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The Scientific World Journal
Volume 2012, Article ID 381814, 6 pages
http://dx.doi.org/10.1100/2012/381814
Research Article

Biomechanics of Lateral Interbody Spacers: Going Wider for Going Stiffer

1Instituto de Patologia da Coluna, 04101-000 São Paulo, SP, Brazil
2Department of Neurosurgery, University of San Diego, San Diego, CA 92103, USA
3NuVasive, Inc., San Diego, CA 92121, USA
4Southern Oregon Orthopedics, Medford, OR 97504, USA

Received 3 August 2012; Accepted 23 September 2012

Academic Editors: G. J. Hooper, A. V. Korompilias, and C. C. Niu

Copyright © 2012 Luiz Pimenta et al. This is an open access article distributed under the Creative Commons Attribution License, which permits unrestricted use, distribution, and reproduction in any medium, provided the original work is properly cited.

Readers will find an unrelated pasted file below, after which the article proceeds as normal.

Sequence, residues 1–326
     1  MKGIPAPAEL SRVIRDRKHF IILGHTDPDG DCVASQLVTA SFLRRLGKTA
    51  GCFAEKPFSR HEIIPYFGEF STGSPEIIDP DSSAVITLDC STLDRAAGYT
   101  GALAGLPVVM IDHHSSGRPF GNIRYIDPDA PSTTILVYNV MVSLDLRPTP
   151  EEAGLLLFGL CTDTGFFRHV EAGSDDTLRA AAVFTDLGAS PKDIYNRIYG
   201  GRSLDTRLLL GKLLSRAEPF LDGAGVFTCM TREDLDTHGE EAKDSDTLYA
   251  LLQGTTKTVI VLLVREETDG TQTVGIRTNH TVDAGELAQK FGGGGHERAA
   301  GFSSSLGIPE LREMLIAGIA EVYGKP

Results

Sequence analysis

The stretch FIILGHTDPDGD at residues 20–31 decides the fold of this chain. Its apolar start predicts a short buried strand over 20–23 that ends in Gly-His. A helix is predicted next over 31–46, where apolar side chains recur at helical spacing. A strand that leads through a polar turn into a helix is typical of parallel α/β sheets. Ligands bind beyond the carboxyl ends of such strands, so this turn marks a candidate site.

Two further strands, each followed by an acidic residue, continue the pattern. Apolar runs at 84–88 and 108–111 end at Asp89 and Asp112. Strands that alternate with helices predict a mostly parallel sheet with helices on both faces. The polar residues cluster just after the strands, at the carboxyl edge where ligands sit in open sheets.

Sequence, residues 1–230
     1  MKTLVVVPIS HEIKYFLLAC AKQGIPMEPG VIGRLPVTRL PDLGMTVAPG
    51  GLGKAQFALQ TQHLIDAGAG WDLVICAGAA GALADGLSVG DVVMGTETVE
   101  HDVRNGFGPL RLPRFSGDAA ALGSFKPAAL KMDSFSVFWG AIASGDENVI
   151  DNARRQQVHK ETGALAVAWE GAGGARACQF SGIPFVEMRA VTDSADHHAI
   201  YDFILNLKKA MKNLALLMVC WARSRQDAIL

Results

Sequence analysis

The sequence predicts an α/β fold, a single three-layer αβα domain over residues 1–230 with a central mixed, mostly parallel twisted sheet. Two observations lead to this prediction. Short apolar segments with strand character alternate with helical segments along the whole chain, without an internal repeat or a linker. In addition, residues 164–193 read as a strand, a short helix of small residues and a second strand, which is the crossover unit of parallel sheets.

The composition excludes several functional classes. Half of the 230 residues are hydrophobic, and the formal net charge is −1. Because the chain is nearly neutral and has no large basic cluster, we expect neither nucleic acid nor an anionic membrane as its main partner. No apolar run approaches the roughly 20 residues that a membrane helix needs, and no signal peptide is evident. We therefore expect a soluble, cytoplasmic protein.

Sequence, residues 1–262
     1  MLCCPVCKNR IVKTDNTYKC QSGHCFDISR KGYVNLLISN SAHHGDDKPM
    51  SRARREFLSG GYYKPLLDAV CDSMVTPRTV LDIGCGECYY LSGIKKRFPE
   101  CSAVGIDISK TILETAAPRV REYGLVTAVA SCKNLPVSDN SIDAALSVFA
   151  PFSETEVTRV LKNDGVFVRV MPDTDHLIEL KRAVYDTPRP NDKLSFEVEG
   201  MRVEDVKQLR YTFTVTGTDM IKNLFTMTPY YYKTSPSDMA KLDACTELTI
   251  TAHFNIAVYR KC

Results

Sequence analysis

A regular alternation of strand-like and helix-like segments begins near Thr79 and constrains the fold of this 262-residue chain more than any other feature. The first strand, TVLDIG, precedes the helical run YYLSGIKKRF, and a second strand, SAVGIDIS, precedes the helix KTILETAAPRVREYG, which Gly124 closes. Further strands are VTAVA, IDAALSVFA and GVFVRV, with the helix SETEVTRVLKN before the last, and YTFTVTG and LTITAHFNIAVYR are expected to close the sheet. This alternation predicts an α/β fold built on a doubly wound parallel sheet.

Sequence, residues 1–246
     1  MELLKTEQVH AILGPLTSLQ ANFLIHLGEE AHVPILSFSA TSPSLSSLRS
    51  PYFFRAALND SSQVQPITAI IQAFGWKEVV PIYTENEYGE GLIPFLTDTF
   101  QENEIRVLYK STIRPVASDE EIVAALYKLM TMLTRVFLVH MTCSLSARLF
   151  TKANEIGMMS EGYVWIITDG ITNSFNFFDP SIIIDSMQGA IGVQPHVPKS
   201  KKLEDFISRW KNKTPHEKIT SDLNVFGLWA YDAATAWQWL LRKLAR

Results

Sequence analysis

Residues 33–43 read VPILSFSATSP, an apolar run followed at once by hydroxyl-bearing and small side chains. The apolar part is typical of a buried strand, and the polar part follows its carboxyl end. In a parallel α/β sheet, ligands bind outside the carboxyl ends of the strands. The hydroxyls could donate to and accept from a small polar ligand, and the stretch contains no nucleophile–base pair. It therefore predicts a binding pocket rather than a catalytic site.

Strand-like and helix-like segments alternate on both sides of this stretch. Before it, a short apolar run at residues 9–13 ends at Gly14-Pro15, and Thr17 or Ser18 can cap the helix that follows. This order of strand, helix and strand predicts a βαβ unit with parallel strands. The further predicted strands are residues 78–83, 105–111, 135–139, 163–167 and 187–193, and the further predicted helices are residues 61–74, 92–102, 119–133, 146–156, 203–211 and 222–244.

Abstract

This study investigates the biomechanical stability of a large interbody spacer inserted by a lateral approach and compares the biomechanical differences with the more conventional transforaminal interbody fusion (TLIF), with and without supplemental pedicle screw (PS) fixation. Twenty-four L2-L3 functional spinal units (FSUs) were tested with three interbody cage options: (i) 18 mm XLIF cage, (ii) 26 mm XLIF cage, and (iii) 11 mm TLIF cage. Each spacer was tested without supplemental fixation, and with unilateral and bilateral PS fixation. Specimens were subjected to multidirectional nondestructive flexibility tests to 7.5 N·m. The range of motion (ROM) differences were first examined within the same group (per cage) using repeated-measures ANOVA, and then compared between cage groups. The 26 mm XLIF cage provided greater stability than the 18 mm XLIF cage with unilateral PS and 11 mm TLIF cage with bilateral PS. The 18 mm XLIF cage with unilateral PS provided greater stability than the 11 mm TLIF cage with bilateral PS. This study suggests that wider lateral spacers are biomechanically stable and offer the option to be used with less or even no supplemental fixation for interbody lumbar fusion.